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The Implementation of Fiscal Policy

            Financial policy was also applied during the Great Recession by relying on the execution of financial stimulus plans.  Policy makers within the United States were quick to suggest the enactment of progressive tax cuts and austerity measures to boost their slumping economy. Most of the suggestions made were developed in reference to the Keynesian theory which suggested that discrepancies in government spending during periods of economic decline can help save resources.  The fiscal policy implemented would feature fiscal stimulus plans that targeted 2 percent of its gross domestic product (G.D.P).  In 2008, the Economic Stimulus Act of 2008 was signed into law after being forwarded by Congress for approval. Close to $150 billion was injected into the economy and an implementation of tax rebates for a section of the population (Ódor, 2017). 

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Taxpayers below the tax rebate were eligible for a rebate, often equal to one’s net income tax liability. The use of direct deposits for refunds often resulted in a stimulus payment which went a long way in transforming the economic condition at the time as envisaged by the American Recovery and Reinvestment Act of 2009. It is also worth noting that the purpose of fiscal policy was to stimulate consumers and businesses to spend more, therefore contributing to economic growth. Legislators also addressed the subprime mortgage crisis by reducing barriers that hindered most mortgages from receiving government insurance.

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Goals of Fiscal and Monetary Policies Employed

            Fiscal and monetary policies were employed primarily to stabilize the cyclical fluctuations witnesses in the wake of the Great Recession.  Fiscal policies in the form of tax rebates and austerity measures served to maintain macroeconomic stability by promoting aggregate demand. Economic activities were also limited to occasions of strong and noticeable growth to manage fluctuations. Thus, economic agents could now make accurate predictions when presenting budgets for approval. Domestic demand would then be stabilized while promoting development within the market (Wessel, 2014, p. 54). On the other hand, monetary policy sought to increase the supply of money while maintaining price stability.  The implementations of monetary policy also focused on maintaining a stable rate of inflation which would ultimately promote macroeconomic stability.  This also meant that timely strategies were implemented to threats to price-stability.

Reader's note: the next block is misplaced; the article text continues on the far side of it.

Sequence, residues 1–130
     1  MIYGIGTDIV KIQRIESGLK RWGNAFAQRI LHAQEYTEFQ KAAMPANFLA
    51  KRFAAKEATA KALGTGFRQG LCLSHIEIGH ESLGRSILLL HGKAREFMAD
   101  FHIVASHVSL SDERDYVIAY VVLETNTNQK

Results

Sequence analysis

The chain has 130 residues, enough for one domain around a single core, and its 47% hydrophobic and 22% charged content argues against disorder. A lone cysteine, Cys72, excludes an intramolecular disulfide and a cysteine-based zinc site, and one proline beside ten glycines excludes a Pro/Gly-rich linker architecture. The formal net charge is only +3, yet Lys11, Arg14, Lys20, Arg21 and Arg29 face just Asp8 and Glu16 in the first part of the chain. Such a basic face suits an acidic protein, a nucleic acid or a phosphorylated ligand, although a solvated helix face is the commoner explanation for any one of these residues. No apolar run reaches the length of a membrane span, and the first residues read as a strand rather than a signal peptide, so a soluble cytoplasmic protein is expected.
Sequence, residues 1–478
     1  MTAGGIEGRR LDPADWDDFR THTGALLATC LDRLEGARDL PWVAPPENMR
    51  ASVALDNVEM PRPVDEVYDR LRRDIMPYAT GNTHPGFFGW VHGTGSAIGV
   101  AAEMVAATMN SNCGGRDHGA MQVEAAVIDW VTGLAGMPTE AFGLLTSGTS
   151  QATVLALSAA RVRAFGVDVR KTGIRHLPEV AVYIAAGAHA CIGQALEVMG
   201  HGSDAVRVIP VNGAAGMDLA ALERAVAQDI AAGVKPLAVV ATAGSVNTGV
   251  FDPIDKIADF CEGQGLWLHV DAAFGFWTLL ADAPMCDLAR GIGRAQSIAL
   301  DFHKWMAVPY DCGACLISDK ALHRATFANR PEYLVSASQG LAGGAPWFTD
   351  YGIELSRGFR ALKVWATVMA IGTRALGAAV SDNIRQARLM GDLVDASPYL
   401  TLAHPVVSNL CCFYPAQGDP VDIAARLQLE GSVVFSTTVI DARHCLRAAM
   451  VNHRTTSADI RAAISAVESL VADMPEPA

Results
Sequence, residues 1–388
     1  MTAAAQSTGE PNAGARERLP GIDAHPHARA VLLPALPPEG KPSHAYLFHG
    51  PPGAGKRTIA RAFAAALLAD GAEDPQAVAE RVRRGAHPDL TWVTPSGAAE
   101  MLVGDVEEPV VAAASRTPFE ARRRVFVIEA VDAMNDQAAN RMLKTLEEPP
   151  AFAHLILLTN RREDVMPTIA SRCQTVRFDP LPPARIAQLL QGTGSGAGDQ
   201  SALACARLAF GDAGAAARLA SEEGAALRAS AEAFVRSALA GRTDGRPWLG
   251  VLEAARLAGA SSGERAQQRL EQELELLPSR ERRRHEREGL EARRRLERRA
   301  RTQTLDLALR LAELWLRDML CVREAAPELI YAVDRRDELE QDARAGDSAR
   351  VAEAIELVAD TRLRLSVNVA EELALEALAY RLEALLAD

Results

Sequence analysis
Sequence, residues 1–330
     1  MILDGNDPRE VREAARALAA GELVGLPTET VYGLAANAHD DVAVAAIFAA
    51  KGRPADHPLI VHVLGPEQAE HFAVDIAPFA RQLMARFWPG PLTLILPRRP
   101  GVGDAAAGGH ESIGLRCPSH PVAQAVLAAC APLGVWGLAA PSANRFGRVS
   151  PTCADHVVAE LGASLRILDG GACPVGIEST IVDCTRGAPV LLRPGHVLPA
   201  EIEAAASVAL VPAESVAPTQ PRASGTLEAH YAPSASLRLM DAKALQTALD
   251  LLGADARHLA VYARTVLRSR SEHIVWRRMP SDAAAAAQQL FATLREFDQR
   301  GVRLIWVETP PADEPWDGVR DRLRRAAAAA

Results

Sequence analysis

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An Evaluation of the Successes of the Implemented Policies

            The implementation of the assortment of policies to manage the Great Recession enjoyed relative success within the United States. Tax rebates elicited the desired effect where stimulus payments motivated households to increase spending, therefore, prompting an upsurge in nondurable consumption.  The simple act of maintaining inflation at 2 percent resulted in a cumulative increase in the number of individuals employed by companies with ready access to liquidity. Furthermore, congress implemented the Consume Protection Act and Dodd-Frank Wall Street Reform act to prevent the escalation of the economic decline while supporting quick recovery.


The 2008 Great Recession marked one of the most unexpected economic downturns in contemporary history. It posed numerous risks to the economy which featured a fall in house prices, unemployment, lack of access to loans and bankruptcy. The Unites States Congress responded by enacting  the Economic Stimulus Act of 2008 and American Recovery and Reinvestment Act of 2009 as appropriate fiscal and monetary policies. It was through the implementation of these sound economic policies that the United States was able to manage its market and chart a new course.